The final exam
There are questions that I suspect anyone who’s been a teacher, particularly I think of children, don’t want to hear. My all-time least favorite question is this. It’s when a kid has been absent from class, even if it’s just for a day, and they come back and say, did we do anything yesterday?
I always have to bite my tongue. I don’t want to be sarcastic, but I kind of want to say, no, you know, you weren’t here. We just didn’t know what to do. We looked at each other, and we were just filled and overcome with so much sadness. We just sat here and cried.
Of course we did something yesterday. But the second least favorite question is, in a way, it’s kind of like it. Will this be on the test? In a way, that’s what we’re experiencing as we get to the end of the church year. If you’ve been going to Daily Mass, you’ll see the readings are beginning to take a different and kind of more austere turn, to be honest.
They either come from the book of Maccabees, where we get the encounter of the amazing mother who watches seven of her children die for standing up for the faith, or from the book of Revelation, which describes kind of the ultimate struggle at the end of time, or from the book of Daniel, which is a similar kind of book.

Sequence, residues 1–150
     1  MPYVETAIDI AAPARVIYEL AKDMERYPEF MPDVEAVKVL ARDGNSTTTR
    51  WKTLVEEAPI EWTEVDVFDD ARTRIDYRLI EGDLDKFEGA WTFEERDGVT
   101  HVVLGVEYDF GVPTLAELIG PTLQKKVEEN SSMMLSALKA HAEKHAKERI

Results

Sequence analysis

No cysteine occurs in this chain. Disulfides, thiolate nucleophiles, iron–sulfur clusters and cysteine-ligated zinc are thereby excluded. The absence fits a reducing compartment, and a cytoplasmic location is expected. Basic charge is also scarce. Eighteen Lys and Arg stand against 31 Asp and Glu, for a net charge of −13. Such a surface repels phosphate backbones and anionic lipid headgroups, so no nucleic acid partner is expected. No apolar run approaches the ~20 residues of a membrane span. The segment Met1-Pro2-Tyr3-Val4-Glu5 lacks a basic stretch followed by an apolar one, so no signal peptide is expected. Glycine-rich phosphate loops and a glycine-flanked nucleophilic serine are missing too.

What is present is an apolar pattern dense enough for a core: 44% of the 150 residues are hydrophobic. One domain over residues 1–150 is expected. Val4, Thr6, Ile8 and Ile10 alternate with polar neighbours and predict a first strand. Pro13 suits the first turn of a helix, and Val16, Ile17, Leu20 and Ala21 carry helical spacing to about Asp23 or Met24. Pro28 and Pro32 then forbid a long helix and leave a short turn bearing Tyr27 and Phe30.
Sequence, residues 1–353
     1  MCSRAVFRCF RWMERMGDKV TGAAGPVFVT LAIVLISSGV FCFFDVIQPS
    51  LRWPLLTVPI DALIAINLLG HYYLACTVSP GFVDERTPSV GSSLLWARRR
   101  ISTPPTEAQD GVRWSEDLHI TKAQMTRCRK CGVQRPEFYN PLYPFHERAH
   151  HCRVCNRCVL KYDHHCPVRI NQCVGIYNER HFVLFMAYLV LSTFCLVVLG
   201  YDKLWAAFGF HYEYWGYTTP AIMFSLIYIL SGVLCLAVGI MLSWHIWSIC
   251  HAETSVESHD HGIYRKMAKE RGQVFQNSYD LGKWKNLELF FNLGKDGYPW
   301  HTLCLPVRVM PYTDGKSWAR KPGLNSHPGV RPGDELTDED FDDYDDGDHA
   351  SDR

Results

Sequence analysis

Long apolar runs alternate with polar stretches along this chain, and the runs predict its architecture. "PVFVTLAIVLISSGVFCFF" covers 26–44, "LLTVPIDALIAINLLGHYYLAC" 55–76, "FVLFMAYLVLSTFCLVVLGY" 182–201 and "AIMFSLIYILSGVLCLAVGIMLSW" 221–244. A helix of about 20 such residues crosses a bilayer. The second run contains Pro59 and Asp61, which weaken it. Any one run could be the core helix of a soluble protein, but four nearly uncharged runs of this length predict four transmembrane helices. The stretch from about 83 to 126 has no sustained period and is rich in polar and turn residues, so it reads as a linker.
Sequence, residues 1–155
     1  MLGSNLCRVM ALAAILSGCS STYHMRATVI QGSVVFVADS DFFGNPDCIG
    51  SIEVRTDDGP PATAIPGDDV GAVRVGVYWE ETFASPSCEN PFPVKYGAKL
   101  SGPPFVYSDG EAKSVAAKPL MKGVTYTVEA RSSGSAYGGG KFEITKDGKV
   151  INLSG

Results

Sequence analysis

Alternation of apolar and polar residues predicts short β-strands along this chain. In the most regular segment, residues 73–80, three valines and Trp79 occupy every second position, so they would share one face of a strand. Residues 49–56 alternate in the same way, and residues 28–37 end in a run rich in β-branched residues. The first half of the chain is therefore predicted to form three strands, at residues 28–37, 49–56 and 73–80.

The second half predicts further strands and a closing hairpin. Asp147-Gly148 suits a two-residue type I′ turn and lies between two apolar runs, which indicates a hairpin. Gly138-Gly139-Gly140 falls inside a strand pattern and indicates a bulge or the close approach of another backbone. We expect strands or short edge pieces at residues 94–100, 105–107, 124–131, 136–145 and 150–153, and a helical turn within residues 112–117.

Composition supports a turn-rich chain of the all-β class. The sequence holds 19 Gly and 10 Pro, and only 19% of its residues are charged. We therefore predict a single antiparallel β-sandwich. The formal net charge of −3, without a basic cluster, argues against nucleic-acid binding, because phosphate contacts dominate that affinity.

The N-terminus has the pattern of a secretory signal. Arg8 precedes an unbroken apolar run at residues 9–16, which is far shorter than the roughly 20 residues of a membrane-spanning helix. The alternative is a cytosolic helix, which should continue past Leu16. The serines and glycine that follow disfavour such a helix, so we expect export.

All of them are designed to get us thinking about our life, to get us thinking about how we live our life, to get us thinking about what it means to be a Christian, what it means maybe even more so to be a disciple of Jesus. And we have to understand that as we look at the reading that we heard from today’s gospel.
This is a great story. It is really a powerful story. But we have to kind of understand some things that maybe aren’t readily apparent from this story. First of all, this is a story that Jesus is telling about the kingdom of God. It’s interesting that Jesus speaks in this way where he talks about wailing and grinding of teeth, or he talks about paying back the last penny, or he talks about the end of time and what will happen.